The corporate private networks are now all migrating out of proprietary solutions toward TCP/IP; already three-fourths of these are fully IP-based. These networks see a strong development of Internet-type technologies, such as SMTP Messaging, the Internet standard, or WWW corporate servers, today's main applications. Even the planet's biggest software editor had to follow suit, dropping NetBIOS, and providing through Outlook an Internet standard mail software, following the steps of Qualcomm's Eudora, Netmanage's Zmail or Netscape's Messenger. Now, there is a word to describe such a corporate network based on IP and Internet technologies: Intranet.
The corporate private networks are still developing, reaching all the subsidiaries that previously were unconnected. Again, Internet technologies such as IP Dialup, tunneling, and all the facilities to use the same Internet infrastructure to connect to the Internet are a big help.
All this expansion is not without its brand of problems, and first of those the security. How to master such exploding networks? How to prevent information theft, data corruption, server suborning? How to avoid intrusions, the building of hacking platforms with these large networks and many external links to the Internet, the contractors or customers? More and more, all of the corporate's jobs are linked through the same network, all of the corporation's sites are on the same footing, and even sometimes operations that are common with one's concurrents. With larger Intranets, the need of security and the control over connections, dialogs and to know who does what and with whom becomes greater than ever.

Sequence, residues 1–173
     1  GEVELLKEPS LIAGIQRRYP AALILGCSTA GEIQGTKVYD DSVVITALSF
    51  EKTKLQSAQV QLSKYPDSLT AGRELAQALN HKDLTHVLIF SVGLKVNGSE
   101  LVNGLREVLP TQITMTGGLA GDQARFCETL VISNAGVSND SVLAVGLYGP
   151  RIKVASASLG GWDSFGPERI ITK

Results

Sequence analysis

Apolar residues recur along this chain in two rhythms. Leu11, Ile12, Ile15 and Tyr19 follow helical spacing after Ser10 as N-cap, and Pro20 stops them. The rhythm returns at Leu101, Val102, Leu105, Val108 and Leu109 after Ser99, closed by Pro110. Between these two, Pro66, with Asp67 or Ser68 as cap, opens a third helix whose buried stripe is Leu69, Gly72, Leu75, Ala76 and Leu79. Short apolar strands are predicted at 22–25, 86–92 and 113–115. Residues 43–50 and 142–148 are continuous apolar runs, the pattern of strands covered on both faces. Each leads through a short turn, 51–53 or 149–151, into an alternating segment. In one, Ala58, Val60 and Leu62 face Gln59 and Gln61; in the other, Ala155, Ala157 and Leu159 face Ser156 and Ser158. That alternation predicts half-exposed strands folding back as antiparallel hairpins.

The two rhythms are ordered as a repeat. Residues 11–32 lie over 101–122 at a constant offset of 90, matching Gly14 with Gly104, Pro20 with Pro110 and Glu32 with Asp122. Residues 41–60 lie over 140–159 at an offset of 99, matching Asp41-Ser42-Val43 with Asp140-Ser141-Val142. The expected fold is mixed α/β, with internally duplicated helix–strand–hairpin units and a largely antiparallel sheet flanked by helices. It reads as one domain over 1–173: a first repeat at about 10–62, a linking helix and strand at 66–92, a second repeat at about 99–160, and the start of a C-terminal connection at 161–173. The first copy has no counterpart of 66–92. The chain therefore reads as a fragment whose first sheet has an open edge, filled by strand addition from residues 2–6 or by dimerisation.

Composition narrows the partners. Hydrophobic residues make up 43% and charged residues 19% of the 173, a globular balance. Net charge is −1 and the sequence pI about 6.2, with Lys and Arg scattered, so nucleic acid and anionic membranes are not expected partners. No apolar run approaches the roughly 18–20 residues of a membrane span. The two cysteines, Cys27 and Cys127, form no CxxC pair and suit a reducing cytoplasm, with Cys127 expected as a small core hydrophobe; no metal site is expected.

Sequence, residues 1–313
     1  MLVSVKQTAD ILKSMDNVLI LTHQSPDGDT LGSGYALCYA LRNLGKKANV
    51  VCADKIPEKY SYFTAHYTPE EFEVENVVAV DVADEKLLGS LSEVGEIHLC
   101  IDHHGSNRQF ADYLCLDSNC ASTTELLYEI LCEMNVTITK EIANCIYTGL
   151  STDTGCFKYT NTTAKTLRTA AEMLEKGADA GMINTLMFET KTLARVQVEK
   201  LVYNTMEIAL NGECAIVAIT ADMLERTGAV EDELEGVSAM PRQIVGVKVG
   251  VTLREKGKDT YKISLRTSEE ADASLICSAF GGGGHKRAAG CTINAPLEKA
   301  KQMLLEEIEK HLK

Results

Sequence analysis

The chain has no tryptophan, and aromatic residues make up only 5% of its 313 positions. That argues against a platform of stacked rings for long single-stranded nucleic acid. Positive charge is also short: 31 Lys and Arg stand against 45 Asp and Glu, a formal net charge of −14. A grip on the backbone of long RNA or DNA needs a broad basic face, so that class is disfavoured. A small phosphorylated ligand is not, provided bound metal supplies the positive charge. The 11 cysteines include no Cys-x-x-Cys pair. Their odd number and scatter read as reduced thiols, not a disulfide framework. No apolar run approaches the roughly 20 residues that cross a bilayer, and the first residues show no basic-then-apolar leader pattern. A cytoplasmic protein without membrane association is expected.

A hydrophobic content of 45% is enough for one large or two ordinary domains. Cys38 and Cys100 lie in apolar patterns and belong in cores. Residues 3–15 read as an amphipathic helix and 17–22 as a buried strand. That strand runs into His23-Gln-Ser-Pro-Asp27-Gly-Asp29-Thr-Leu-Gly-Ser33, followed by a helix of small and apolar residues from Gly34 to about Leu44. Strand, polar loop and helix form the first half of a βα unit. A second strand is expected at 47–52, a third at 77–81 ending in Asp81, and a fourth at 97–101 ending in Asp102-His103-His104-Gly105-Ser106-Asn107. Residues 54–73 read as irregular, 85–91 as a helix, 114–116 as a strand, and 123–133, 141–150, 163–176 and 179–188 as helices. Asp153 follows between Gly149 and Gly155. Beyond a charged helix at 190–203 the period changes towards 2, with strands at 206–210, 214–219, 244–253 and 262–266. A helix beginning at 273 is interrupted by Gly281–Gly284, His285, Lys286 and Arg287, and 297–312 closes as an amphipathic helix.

With all these dangers, the need of security has grown. Use of distributed security architectures, such as Kerberos, OSF/DCE, has mostly failed. Centralized signature is still in infancy. And mobile code, such as Java and Active-X throws most of the classical security policies out of the window. All the techniques currently emerging are simple or transparent technologies. Such as SSL wrapping for WWW servers, PGP cyphers for messages, all of which are easy to integrate.
An elegant solution is to develop the concept of network isolation or partition. The corporate network must be subdivided in various security domains, each of which is separated from the others by a partition gate. The partition gate can be a router, even an already existing router if the model supports IP filtering. Each security domain can be a lab, a project, or a corporate function, and could be built using the current virtual network facilities from the current routing equipment. Isolation is achieved by putting IP filtering between those real or virtual networks.